Retrospectives: The Cold-War Origins of the Value of Statistical Life
AbstractThis paper traces the history of the "Value of Statistical Life" (VSL), which today is used routinely in benefit-cost analysis of life-saving investments. The "value of statistical life" terminology was introduced by Thomas Schelling (1968) in his essay, "The Life You Save May Be Your Own." Schelling made the crucial move to think in terms of risk rather than individual lives, with the hope to dodge the moral thicket of valuing "life." But as recent policy debates have illustrated, his move only thickened it. Tellingly, interest in the subject can be traced back another twenty years before Schelling's essay to a controversy at RAND Corporation following its earliest application of operations research to defense planning. RAND wanted to avoid valuing pilot's lives but the Air Force insisted they confront the issue. Thus, the VSL is not only well acquainted with political controversy; it was born from it.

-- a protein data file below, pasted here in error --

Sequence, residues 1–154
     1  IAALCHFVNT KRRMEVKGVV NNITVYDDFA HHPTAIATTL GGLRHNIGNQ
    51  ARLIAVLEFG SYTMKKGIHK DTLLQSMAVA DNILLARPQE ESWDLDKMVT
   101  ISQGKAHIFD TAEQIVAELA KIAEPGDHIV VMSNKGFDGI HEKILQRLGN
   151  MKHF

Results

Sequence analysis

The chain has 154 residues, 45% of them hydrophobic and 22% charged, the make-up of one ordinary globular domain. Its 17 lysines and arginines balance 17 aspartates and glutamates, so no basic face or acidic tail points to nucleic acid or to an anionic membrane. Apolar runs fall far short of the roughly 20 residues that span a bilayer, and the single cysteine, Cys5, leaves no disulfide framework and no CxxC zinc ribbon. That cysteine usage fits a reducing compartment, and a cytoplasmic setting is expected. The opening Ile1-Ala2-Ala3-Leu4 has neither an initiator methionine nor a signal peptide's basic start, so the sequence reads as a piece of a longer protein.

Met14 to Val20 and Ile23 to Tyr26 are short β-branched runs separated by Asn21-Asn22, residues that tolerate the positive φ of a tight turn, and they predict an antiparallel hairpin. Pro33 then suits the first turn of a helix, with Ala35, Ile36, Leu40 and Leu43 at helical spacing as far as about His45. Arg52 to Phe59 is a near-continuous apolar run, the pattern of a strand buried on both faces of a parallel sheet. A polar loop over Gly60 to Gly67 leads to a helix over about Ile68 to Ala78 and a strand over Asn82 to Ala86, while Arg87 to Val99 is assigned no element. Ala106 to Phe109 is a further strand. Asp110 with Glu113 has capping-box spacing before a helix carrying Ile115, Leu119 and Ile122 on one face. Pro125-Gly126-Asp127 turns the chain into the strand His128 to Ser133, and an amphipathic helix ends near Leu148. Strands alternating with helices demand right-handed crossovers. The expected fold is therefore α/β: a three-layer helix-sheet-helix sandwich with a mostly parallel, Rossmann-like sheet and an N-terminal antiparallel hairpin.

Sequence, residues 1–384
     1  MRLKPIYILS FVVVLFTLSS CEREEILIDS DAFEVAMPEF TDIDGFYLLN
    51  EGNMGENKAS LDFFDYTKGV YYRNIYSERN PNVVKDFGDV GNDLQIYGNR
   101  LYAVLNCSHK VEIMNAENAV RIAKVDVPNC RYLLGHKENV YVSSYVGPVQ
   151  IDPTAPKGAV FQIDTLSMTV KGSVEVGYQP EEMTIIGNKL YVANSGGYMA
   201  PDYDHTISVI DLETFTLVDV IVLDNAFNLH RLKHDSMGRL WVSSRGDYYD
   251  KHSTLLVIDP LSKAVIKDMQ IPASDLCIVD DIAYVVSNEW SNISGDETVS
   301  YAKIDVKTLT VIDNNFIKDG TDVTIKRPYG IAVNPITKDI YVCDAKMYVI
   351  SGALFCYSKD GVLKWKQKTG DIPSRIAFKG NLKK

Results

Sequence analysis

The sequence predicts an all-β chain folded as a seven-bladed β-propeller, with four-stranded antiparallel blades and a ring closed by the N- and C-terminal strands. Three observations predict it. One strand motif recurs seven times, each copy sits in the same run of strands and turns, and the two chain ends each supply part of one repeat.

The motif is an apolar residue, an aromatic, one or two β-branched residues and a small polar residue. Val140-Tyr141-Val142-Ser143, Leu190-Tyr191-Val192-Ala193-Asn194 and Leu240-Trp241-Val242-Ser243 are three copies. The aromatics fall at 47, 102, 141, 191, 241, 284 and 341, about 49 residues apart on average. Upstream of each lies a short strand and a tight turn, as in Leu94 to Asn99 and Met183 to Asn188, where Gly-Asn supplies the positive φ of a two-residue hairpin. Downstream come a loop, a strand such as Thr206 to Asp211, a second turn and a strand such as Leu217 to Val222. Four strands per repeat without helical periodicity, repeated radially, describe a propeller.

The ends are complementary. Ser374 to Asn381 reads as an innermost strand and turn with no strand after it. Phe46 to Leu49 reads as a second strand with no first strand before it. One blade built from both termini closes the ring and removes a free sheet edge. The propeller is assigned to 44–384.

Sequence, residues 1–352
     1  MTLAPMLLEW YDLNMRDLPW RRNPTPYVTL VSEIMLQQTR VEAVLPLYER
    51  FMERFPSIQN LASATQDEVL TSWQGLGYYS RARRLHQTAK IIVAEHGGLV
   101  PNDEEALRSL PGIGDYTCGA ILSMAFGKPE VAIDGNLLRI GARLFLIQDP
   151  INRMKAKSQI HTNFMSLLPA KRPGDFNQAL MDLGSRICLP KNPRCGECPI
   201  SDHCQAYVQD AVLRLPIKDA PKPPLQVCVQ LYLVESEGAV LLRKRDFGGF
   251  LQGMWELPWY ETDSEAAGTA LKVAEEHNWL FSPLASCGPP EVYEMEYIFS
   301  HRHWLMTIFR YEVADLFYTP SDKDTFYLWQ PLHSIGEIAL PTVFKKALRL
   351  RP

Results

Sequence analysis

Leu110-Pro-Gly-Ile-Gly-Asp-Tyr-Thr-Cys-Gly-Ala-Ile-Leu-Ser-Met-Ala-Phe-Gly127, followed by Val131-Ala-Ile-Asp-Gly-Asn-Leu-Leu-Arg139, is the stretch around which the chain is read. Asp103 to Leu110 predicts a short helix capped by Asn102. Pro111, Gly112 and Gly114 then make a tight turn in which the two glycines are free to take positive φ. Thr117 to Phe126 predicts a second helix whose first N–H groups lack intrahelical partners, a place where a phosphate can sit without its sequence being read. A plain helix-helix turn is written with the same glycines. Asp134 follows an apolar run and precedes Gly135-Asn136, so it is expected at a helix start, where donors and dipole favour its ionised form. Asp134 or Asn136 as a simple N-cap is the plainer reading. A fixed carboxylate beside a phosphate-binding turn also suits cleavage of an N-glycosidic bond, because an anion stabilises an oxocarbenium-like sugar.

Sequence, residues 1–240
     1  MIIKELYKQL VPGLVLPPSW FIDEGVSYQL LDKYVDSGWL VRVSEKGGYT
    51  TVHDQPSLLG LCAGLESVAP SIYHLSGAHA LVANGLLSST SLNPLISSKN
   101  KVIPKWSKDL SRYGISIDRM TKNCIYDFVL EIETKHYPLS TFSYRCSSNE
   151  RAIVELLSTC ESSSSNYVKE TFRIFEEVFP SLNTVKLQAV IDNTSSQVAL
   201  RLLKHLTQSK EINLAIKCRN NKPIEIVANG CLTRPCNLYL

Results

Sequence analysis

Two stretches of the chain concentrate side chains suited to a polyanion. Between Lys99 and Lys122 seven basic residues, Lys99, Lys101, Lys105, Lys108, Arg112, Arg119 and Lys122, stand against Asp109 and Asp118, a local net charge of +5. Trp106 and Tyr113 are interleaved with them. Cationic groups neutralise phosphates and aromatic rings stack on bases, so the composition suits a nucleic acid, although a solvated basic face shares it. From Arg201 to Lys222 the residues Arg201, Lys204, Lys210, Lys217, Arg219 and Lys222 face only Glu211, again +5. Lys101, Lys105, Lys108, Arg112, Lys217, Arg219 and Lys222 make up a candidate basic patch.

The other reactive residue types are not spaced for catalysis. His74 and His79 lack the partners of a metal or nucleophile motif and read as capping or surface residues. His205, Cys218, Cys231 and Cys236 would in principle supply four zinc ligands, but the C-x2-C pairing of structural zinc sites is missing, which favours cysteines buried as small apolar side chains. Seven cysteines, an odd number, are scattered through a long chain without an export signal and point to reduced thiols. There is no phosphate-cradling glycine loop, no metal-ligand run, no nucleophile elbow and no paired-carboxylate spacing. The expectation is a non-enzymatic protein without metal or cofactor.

CitationBanzhaf, H Spencer. 2014. "Retrospectives: The Cold-War Origins of the Value of Statistical Life." Journal of Economic Perspectives, 28 (4): 213-26. DOI: 10.1257/jep.28.4.213
- D72 Political Processes: Rent-seeking, Lobbying, Elections, Legislatures, and Voting Behavior
- J17 Value of Life; Forgone Income
- N32 Economic History: Labor and Consumers, Demography, Education, Health, Welfare, Income, Wealth, Religion, and Philanthropy: U.S.; Canada: 1913-
- N42 Economic History: Government, War, Law, International Relations, and Regulation: U.S.; Canada: 1913-